Things Not To Send An Author

snobgooseI need a new tag for the “I get mail…” stories. Here, have this little gem:

Date: April 6, 2015 at 6:18:59 PM PDT
Subject: Rose and Thunder can be a Bestseller.
From: *redacted*
To: contact@lilithsaintcrow.com

Hi Lilith,

I must say that’s an outstanding book you got out there. It has readers appeal, but you need to push it a bit.

You can check out *redacted*, they will direct up to 50 of their avid readers to purchase your book on Amazon and these reviewers will then post good reviews on your Amazon book page.

I once posted reviews for them in exchange for gift cards before i started my M.Ed program. Imagine having 50 readers post great reviews on your book page, that’ll definitely land you on the bestsellers list. I believe the many positive reviews from *redacted* will greatly help your book.

Thanks for putting out such an enjoyable book, but please promote it.

Regards,

*redacted*

Let’s just count the things wrong with this. First, you sent it on release day, so what are the chances that you’ve actually read the book? Close to zero, I fancy. Second, it’s a huge insult to think I’d purchase reviews, positive, negative, or otherwise. Third, for someone who claims to be in a Master’s of Education program, you should have at least enough common sense to know how insulting the mere suggestion is, and how ethically repugnant it would be for me to even consider. Fourth, your closing needs a little work–“Thanks…but please promote it,” is incredibly insulting as well. Deigning to tell me about a pay-for-reviews scheme and implying that I’m less than intelligent for not “promoting” my book to your exacting specifications is even worse. (It’s like a skeezy PUA attempting to neg me, for God’s sake. GROW UP.) Personally, I much prefer to do my promotion in less ignoble ways, thank you very much.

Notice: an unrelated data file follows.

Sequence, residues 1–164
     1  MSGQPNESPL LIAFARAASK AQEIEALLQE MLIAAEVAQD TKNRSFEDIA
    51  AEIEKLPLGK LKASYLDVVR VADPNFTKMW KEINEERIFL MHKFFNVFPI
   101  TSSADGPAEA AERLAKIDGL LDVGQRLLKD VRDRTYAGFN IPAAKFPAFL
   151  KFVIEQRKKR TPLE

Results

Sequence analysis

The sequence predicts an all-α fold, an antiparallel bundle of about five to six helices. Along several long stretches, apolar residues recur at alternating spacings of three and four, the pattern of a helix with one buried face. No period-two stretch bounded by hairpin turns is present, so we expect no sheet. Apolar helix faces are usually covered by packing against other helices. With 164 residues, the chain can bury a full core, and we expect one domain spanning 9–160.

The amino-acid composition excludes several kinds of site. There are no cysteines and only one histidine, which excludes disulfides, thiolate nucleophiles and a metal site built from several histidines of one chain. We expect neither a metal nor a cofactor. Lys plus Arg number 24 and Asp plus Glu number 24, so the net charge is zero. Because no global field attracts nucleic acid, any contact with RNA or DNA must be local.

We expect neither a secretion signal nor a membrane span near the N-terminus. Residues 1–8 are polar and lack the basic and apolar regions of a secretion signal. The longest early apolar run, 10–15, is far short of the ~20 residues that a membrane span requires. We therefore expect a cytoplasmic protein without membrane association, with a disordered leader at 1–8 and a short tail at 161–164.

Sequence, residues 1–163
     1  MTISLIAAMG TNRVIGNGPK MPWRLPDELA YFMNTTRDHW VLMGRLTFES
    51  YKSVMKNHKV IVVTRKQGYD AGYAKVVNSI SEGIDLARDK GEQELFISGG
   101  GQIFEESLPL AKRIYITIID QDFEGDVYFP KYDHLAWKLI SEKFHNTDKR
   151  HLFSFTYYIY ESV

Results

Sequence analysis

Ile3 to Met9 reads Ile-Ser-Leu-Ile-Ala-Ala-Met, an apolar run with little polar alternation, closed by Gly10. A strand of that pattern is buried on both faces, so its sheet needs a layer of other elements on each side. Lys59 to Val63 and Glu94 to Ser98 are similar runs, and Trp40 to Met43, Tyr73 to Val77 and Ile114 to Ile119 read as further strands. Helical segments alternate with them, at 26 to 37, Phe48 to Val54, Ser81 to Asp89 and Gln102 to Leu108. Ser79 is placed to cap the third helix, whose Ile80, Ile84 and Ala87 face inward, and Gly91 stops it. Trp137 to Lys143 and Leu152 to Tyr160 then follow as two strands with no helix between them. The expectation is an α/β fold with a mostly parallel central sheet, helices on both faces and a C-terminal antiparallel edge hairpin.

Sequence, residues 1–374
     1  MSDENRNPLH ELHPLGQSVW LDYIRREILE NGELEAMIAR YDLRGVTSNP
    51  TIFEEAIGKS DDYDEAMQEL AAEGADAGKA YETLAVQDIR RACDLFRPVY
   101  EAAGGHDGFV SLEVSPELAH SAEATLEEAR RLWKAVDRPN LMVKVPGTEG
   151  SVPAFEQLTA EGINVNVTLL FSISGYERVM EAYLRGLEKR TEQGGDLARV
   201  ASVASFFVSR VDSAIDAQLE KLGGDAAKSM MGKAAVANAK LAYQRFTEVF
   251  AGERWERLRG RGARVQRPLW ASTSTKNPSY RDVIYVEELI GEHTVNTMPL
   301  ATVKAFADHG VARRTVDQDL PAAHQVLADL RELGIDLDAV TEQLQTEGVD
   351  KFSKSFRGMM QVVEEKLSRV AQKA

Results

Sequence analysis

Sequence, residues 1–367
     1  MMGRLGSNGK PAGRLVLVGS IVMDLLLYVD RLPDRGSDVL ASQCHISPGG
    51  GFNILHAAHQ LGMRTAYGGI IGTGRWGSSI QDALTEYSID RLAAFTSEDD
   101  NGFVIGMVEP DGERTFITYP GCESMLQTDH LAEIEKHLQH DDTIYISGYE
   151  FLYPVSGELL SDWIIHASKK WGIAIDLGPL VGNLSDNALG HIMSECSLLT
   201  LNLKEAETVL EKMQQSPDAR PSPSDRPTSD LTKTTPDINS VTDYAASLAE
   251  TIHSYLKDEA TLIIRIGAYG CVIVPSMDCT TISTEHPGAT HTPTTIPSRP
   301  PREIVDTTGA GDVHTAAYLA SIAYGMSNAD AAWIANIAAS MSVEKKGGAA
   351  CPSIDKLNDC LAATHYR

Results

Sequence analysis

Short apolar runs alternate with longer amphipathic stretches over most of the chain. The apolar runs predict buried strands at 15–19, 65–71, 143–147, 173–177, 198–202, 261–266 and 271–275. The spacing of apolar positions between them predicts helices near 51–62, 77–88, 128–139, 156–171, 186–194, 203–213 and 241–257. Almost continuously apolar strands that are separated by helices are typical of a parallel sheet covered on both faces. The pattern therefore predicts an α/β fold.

So, readers, here’s a way to be amazingly rude to an author, and if you’re a new author, taking this sort of email up on its offer is sketchy at best, a waste of money and a nasty skeleton to have in your career closet at worst.

There. A teachable moment, courtesy of someone who should have known better. I think it’s time for some tea now.